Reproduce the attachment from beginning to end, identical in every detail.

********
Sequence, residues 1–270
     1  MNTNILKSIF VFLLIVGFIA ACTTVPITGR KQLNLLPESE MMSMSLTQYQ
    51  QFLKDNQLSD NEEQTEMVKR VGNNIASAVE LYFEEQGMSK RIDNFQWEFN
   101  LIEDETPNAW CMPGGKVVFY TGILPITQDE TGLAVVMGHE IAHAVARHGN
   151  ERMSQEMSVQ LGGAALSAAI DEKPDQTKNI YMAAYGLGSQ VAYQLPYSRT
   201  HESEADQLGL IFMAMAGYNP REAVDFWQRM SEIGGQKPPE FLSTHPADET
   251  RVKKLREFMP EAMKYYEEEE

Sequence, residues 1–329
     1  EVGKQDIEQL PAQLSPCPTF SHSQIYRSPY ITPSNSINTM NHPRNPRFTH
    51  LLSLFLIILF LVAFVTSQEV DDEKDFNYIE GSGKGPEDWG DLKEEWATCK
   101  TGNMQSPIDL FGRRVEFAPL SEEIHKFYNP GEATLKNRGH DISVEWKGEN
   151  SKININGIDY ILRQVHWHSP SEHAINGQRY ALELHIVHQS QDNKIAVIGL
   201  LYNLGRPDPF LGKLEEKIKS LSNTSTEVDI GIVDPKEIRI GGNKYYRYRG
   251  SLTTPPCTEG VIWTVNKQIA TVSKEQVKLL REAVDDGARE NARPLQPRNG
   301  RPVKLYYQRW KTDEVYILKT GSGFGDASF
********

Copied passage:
Sequence, residues 1–270
     1  MNTNILKSIF VFLLIVGFIA ACTTVPITGR KQLNLLPESE MMSMSLTQYQ
    51  QFLKDNQLSD NEEQTEMVKR VGNNIASAVE LYFEEQGMSK RIDNFQWEFN
   101  LIEDETPNAW CMPGGKVVFY TGILPITQDE TGLAVVMGHE IAHAVARHGN
   151  ERMSQEMSVQ LGGAALSAAI DEKPDQTKNI YMAAYGLGSQ VAYQLPYSRT
   201  HESEADQLGL IFMAMAGYNP REAVDFWQRM SEIGGQKPPE FLSTHPADET
   251  RVKKLREFMP EAMKYYEEEE

Sequence, residues 1–329
     1  EVGKQDIEQL PAQLSPCPTF SHSQIYRSPY ITPSNSINTM NHPRNPRFTH
    51  LLSLFLIILF LVAFVTSQEV DDEKDFNYIE GSGKGPEDWG DLKEEWATCK
   101  TGNMQSPIDL FGRRVEFAPL SEEIHKFYNP GEATLKNRGH DISVEWKGEN
   151  SKININGIDY ILRQVHWHSP SEHAINGQRY ALELHIVHQS QDNKIAVIGL
   201  LYNLGRPDPF LGKLEEKIKS LSNTSTEVDI GIVDPKEIRI GGNKYYRYRG
   251  SLTTPPCTEG VIWTVNKQIA TVSKEQVKLL REAVDDGARE NARPLQPRNG
   301  RPVKLYYQRW KTDEVYILKT GSGFGDASF